The existence of a will and the will’s contents would almost certainly be known to the heirs. Additionally, if the will was filed in court, a copy of it may be kept on file there. 

It is also possible to hire a professional to conduct a search for the will if all other options have been exhausted. However, this option can be expensive, and it is not guaranteed to be successful in all cases.

3. Search a Will Registry

Another way to discover the existence of a will is to search a will registry. A will registry is a database of wills that have been filed with the court. 

The registry will usually include the name of the testator, the date of the will, and the name of the executor. To access the registry, you will need to contact the probate court in the county where the decedent lived. 

Once you have located the appropriate court, you can request a search of the will registry. The court may charge a small fee for conducting the search. 

If a will is found, you will be provided with a copy of it. If no will is found, then you can assume that the decedent died intestate.

4. Visit Surrogate’s Court

Another great place to start your search is at the local Surrogate’s Court. This is the court that handles probate matters, and they will likely have records of any wills that have been filed. 

You can typically search for these records online or visit the courthouse in person. However, if you find a will on file, you must obtain a copy from the court before viewing it. 

There is usually a small fee for this service. Once you have a copy of the will, you will be able to determine who the executor is and what assets are being left to beneficiaries. 

If no will is found, then the estate will likely need to go through probate.

5. Inquire At The Probate Court

Given that probate courts are tasked with overseeing the distribution of a deceased person’s assets, it stands to reason that this would be the best place to look for a will.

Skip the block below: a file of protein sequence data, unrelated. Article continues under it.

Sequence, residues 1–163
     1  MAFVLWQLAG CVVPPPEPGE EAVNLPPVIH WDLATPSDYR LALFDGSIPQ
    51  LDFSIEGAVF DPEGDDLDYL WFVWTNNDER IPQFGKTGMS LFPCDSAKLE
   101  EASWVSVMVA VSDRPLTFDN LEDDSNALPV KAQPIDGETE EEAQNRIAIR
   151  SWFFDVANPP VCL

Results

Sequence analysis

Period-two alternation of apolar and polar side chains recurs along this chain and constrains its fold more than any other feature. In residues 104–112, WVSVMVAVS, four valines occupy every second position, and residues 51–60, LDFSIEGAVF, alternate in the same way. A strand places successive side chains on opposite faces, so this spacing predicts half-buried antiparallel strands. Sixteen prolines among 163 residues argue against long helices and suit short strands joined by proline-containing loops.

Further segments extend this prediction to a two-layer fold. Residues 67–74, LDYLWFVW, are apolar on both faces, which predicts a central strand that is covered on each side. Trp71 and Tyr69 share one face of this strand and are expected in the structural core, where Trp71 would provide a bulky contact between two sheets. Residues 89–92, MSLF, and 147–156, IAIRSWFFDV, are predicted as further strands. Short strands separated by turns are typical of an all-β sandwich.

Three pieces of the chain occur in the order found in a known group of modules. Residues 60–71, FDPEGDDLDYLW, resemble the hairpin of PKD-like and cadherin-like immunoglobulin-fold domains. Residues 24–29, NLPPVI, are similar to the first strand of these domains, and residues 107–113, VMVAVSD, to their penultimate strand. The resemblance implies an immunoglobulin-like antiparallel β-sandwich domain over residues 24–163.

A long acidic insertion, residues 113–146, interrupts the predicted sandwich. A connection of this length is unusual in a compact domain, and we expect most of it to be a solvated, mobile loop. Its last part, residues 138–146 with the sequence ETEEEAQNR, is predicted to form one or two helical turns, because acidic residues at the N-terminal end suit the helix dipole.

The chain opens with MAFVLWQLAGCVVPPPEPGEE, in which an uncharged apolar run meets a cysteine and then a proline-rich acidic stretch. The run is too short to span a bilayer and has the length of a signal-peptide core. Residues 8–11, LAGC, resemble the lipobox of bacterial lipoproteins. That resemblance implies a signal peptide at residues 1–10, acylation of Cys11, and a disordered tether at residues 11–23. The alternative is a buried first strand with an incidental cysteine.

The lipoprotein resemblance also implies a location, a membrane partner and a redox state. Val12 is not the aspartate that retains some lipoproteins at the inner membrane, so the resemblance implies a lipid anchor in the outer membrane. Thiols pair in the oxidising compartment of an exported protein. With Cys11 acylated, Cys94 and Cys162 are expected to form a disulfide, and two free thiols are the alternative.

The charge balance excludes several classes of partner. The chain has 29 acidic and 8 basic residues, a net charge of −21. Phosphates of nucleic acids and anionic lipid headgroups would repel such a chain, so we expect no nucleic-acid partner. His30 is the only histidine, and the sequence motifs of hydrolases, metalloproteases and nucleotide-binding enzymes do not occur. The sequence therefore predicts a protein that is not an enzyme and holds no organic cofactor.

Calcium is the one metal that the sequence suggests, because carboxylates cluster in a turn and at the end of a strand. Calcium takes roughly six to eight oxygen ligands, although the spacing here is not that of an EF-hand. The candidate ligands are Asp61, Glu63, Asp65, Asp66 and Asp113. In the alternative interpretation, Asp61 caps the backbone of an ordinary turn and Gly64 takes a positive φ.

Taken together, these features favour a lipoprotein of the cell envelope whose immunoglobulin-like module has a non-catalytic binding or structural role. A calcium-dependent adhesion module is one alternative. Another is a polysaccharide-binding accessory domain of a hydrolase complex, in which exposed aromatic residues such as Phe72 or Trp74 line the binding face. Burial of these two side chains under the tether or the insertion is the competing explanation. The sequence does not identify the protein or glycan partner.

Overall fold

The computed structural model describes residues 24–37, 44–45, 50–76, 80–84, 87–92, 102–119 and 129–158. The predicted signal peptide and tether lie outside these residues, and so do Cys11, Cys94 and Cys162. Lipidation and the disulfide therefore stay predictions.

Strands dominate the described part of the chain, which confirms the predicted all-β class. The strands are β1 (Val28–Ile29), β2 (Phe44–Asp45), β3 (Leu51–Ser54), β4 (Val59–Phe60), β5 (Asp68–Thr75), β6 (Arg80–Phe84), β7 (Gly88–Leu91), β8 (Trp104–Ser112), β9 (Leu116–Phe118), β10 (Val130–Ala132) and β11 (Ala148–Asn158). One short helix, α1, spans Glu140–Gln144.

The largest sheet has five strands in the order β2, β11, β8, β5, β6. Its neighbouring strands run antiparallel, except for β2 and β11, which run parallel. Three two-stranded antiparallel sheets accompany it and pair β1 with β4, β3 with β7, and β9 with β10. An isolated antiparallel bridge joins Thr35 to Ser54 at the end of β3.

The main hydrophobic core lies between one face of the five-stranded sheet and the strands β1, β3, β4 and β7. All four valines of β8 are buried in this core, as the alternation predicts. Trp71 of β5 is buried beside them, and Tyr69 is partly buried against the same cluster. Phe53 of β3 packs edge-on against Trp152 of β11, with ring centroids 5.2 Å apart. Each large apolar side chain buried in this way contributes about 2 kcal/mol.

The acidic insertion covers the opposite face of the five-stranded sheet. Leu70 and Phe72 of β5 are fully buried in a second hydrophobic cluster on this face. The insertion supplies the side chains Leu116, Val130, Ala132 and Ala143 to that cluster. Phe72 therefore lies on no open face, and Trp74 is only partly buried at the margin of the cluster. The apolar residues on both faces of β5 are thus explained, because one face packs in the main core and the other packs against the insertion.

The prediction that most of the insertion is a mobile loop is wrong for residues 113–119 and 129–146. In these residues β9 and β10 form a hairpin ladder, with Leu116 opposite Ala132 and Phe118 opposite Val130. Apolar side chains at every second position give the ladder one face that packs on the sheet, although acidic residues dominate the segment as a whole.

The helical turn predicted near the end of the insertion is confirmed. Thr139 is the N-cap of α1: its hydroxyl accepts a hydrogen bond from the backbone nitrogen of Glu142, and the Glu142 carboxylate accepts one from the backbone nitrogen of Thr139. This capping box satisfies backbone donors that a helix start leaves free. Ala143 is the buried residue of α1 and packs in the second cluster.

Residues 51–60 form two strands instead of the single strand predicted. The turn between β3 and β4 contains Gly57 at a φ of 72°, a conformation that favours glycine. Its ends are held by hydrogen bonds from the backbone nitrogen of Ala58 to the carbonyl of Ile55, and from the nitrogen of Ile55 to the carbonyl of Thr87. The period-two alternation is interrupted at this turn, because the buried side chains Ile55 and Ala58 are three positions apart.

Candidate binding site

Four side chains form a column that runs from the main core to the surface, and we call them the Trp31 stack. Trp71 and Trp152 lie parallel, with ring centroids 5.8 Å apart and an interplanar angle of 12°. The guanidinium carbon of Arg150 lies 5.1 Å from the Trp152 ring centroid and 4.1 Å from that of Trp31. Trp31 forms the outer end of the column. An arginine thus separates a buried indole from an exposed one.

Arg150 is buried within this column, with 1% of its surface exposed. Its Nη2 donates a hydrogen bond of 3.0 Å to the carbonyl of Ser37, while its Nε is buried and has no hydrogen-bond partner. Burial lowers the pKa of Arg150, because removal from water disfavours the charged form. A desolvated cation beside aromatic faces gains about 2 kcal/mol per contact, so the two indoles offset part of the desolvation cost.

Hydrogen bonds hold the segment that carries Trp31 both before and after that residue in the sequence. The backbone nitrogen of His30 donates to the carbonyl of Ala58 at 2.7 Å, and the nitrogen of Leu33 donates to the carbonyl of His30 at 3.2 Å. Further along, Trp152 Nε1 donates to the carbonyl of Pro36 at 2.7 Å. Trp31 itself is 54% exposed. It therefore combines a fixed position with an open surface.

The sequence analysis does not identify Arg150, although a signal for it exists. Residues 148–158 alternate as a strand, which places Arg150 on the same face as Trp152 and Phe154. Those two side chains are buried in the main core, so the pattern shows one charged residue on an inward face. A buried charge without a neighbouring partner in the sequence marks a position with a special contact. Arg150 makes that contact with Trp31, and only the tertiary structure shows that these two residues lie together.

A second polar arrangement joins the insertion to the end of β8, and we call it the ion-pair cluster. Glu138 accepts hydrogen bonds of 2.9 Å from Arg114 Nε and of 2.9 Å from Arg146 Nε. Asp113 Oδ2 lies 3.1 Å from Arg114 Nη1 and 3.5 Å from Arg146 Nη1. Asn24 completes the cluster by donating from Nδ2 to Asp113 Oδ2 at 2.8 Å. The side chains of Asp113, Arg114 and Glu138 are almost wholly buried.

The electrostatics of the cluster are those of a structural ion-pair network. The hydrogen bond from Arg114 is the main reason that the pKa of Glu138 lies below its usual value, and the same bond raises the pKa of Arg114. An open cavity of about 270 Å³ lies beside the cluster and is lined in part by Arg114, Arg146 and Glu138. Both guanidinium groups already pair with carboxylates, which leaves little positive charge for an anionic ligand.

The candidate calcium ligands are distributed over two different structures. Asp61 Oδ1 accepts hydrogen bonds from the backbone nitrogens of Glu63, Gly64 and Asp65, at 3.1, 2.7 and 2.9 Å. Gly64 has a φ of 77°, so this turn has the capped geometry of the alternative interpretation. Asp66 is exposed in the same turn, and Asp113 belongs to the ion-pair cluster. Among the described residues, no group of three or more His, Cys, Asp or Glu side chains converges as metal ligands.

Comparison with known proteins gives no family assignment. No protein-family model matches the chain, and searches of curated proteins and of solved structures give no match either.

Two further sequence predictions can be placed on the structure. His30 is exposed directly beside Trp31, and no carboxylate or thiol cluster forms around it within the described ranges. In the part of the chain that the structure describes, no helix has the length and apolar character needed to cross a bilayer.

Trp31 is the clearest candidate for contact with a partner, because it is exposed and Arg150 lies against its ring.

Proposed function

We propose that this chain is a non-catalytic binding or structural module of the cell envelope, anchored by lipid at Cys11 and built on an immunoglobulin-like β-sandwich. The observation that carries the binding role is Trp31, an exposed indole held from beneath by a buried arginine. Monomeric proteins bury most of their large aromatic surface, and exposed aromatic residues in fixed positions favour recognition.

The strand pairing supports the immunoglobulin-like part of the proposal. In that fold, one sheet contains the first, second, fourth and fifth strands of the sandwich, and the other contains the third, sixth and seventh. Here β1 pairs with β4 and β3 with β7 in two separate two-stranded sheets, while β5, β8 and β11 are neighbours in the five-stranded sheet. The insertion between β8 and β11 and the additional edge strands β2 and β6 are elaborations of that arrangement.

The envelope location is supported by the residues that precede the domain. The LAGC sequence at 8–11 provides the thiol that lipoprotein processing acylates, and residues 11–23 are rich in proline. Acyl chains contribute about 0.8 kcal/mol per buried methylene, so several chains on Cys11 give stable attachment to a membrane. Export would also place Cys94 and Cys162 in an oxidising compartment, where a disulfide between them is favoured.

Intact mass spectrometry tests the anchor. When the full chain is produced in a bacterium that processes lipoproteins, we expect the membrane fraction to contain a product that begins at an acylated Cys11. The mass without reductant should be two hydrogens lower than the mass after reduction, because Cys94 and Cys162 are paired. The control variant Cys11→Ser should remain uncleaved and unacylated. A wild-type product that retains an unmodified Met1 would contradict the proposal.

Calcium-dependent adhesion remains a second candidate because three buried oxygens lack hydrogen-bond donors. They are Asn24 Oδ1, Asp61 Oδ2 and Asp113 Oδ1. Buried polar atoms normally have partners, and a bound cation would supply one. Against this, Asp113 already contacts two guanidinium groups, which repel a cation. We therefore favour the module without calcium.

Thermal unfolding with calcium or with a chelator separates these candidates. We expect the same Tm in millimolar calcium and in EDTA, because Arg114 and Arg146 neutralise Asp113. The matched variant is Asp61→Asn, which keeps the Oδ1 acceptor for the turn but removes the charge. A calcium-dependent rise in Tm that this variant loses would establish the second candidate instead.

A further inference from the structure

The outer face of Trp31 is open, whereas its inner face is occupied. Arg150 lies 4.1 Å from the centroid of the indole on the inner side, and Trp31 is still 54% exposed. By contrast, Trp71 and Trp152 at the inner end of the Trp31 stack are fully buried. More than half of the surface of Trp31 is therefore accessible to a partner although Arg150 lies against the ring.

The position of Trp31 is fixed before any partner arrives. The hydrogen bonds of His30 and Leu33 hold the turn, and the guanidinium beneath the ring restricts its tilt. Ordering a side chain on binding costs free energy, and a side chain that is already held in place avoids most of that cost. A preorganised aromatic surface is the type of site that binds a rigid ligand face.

All wills filed with the probate court will be kept on file by the court, so if a will exists, it should be included in this section. 

You can usually find these records online or go to the courthouse and ask for them in person.

Of course, this presumes that the deceased person died with assets subject to probate at their death. Otherwise, there is a good chance there will not be a will on file.

6. Search Safe Deposit Box of the Decedent

A safe deposit box is one of the first places to look if you suspect that a will may have been left behind by the deceased. 

This person is typically designated as the executor of the will (the person responsible for carrying out the deceased’s wishes). They will normally have access to the safe deposit box. 

Checking the box is an excellent way to determine whether or not a will exists and gain an understanding of the deceased’s final wishes if they were known. 

However, note that not all wills are kept in safe deposit boxes, so if you don’t find a will in a safe deposit box, it doesn’t necessarily mean that one doesn’t exist.

7. Search the Residence of the Decedent  

Wills are frequently kept in a secure location, such as a filing cabinet until they are needed. 

If you are unsure of where to look, you may want to inquire with other family members or close friends to see if they know its location. 

You can begin distributing the estate according to the deceased’s wishes as soon as you have located the last will and testament. 

You should look for the will even if you are not explicitly named as a beneficiary because it may contain information about your loved one’s final wishes, even if you are not named as such.